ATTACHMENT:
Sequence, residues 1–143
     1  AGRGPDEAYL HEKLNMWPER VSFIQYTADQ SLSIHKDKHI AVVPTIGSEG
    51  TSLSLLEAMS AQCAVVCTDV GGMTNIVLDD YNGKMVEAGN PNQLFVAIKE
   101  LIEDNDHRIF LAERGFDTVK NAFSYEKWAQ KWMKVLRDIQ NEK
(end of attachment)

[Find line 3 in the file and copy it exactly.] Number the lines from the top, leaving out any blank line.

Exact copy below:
    51  TSLSLLEAMS AQCAVVCTDV GGMTNIVLDD YNGKMVEAGN PNQLFVAIKE